Writing is a skill you can work on for the rest of your life.
You can memorize grammar rules, learn certain tricks, and gain a larger vocabulary over time, but you never become a perfect writer … just a better one.
At Joyce, writing is a part of all of our curricula, because it’s such a critical part of life. You may graduate and never deal with another essay for the rest of your life, but as a healthcare professional you’ll write emails, reports, and possibly blogs — so you need to master common writing mistakes while you’re in school. We’ve seen a lot over the years, and we’ve pinpointed five you should watch out for.
Run spell check on everything you turn in to your instructor, but run a mental spell check too because there are words your computer won’t catch. It’s easy for your mind to write “defiantly” when you meant “definitely,” since they look and sound so similar. Scrutinize your writing for these errors, and consider asking a friend or parent to review big assignments to ensure you haven’t overlooked a mistake.
Commas are some of the trickiest punctuation in the English language, and it doesn’t help that some of their rules (like the Oxford comma) are optional. Some, though, are set in stone, so before you misuse commas, review the rules online. You shouldn’t set a prepositional phrase apart with commas (“the students, of Joyce, passed the NCLEX in record numbers”), or add commas in compound constructions that aren’t compound sentences (“That guy seems to know everything about writing, and photography.”). Too many commas looks just as bad as when you’re missing one.
Related Resource: The Most Common Writing Mistakes on College Essays
Hyphens are another common writing mistake in college essays, because they’re misunderstood. Rather than detail all of the times you should include a hyphen (“mother-in-law”) and shouldn’t (“fix-up”), you ought to look the word up whenever you think it might be appropriate. Over time, you’ll get a hang of the hyphen rules and learn when you should and shouldn’t use them.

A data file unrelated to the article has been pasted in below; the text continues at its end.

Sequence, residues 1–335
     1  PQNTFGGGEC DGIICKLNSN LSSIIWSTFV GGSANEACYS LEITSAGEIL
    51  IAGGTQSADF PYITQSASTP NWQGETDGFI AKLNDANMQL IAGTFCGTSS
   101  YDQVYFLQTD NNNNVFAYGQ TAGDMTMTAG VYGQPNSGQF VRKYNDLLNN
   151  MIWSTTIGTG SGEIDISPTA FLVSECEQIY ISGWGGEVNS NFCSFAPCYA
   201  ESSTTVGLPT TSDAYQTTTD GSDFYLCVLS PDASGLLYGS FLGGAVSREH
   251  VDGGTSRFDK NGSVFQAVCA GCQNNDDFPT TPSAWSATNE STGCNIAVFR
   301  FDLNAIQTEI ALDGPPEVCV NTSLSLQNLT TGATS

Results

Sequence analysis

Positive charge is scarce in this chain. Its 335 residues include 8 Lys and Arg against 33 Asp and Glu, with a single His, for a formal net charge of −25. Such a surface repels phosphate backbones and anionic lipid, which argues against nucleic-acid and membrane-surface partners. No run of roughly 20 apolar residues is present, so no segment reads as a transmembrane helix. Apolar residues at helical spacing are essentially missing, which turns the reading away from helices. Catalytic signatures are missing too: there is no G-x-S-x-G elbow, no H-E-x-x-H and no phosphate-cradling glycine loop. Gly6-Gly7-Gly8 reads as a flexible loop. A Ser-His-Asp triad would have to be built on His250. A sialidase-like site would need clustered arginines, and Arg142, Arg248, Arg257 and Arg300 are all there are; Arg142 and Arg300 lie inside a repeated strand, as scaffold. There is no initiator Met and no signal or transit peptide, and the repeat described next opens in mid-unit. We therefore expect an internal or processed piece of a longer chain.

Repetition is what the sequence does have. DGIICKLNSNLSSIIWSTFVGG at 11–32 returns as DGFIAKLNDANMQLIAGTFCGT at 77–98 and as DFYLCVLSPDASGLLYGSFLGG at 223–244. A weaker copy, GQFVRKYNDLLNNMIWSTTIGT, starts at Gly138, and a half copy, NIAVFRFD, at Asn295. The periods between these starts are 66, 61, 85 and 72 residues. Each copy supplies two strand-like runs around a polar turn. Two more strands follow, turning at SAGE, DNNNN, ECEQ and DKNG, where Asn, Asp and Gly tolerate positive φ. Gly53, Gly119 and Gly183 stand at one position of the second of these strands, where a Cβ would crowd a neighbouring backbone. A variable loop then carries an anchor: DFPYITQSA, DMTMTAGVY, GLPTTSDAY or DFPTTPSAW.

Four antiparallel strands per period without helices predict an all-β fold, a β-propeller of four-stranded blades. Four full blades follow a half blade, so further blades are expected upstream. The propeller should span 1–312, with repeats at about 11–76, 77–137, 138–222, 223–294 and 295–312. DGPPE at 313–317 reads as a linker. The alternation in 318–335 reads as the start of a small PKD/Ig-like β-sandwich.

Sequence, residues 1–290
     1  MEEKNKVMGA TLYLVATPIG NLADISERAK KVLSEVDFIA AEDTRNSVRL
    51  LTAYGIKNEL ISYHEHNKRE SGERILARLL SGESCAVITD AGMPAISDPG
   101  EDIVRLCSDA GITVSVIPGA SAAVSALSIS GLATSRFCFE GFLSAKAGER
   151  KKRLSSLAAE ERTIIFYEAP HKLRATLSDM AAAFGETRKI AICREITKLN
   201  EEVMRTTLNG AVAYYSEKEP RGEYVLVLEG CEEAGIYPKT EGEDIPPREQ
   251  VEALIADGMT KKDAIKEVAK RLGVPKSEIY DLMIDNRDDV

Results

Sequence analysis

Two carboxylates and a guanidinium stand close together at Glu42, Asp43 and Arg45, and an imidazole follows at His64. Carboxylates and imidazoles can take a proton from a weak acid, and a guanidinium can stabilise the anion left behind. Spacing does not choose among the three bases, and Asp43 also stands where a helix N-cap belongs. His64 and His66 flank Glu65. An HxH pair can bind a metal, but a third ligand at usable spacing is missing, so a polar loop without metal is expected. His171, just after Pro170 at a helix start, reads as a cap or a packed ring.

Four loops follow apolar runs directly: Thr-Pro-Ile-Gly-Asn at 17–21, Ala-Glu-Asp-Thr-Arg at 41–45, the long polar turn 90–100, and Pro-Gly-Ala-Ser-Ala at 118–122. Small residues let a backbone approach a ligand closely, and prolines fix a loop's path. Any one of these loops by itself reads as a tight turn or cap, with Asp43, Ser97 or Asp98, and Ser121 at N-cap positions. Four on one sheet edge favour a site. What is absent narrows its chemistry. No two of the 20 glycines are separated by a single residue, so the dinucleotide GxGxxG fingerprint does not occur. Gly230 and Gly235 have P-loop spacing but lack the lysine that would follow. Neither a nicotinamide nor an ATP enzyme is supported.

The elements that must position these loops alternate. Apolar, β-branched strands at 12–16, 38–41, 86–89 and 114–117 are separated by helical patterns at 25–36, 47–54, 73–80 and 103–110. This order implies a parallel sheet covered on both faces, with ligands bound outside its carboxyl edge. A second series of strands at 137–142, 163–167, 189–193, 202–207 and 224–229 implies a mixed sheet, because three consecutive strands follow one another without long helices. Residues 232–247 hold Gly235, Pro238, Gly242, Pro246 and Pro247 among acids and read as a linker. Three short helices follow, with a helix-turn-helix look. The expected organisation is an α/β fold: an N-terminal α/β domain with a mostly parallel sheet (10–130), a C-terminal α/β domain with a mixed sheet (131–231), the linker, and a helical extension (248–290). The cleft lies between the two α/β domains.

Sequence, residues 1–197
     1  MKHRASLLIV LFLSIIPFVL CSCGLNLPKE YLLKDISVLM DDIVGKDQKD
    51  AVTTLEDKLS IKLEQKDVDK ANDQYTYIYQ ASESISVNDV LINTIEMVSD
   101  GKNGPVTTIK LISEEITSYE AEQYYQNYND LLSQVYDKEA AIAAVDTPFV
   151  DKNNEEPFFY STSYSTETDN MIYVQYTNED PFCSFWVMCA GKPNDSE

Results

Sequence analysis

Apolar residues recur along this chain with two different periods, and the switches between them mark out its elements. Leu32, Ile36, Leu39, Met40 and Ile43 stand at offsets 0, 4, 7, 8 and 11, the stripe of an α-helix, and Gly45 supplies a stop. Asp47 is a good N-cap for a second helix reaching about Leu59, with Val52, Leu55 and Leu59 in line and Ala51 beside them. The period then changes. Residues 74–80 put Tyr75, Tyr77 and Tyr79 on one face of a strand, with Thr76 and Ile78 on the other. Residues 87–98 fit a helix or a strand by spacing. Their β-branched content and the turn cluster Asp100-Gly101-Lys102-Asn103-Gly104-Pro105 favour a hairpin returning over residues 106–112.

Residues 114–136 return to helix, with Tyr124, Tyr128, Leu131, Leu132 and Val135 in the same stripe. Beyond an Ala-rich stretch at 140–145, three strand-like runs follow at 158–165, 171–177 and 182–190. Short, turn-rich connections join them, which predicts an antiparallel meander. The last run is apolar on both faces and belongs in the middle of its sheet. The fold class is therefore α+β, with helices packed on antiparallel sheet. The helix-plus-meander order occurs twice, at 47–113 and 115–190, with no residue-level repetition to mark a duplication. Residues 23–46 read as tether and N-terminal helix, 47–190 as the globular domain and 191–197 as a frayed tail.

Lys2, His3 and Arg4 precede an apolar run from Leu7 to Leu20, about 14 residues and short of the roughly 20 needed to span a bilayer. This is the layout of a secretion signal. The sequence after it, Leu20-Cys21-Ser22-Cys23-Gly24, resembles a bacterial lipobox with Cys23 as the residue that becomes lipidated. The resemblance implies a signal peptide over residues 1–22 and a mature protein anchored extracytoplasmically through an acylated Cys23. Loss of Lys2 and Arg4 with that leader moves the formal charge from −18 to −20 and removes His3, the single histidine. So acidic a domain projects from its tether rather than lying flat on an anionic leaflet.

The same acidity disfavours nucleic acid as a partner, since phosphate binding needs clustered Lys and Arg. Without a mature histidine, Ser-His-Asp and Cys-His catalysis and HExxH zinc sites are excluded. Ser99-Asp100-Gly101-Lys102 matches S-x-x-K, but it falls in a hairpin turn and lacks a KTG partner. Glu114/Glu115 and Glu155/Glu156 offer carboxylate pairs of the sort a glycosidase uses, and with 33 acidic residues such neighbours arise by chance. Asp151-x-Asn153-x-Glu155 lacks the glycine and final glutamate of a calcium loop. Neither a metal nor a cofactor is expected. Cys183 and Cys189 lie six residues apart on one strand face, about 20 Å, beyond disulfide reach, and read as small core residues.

Plural nouns need plural verbs. It’s basic grammar in sentences like that one, where the subject “nouns” is clearly plural, so you know to write “need” and not “needs.” It’s trickier when a plural subject is followed by a prepositional phrase with a singular noun, or vice versa. The rules of English are tricky sometimes, like this sentence, when “English” could be mistaken for the subject. Usually, you can hear that it just sounds wrong (“The rules of English is tricky.”). Sometimes subject-verb agreement is more difficult to catch, so watch out for this mistake in all of your writing.
Similarly, if you’re writing a sentence with a lot of nouns, you need to make sure you’re clear which noun you’re referring to when you use a pronoun.
“The first time Josh met his instructor, he said, ‘You look familiar.’”
Which “he” is that pronoun referring to? Josh or his instructor? If the instructor was female, using she wouldn’t be an issue, but when you’re describing people or things that have the same gender and number (singular or plural), you need to watch your pronouns. Also, be on guard for the word “it.” You may understand whom (or what) you’re referring to, but your reader may not.
We could go on and on; really, there are many common writing mistakes. So when you make them, you’re in good company, but always try to learn from them. At Joyce, we work to help all of our students become better at the skills they’ll need in their careers, which includes writing. If you’re interested in learning more about our nursing program, reach out to us!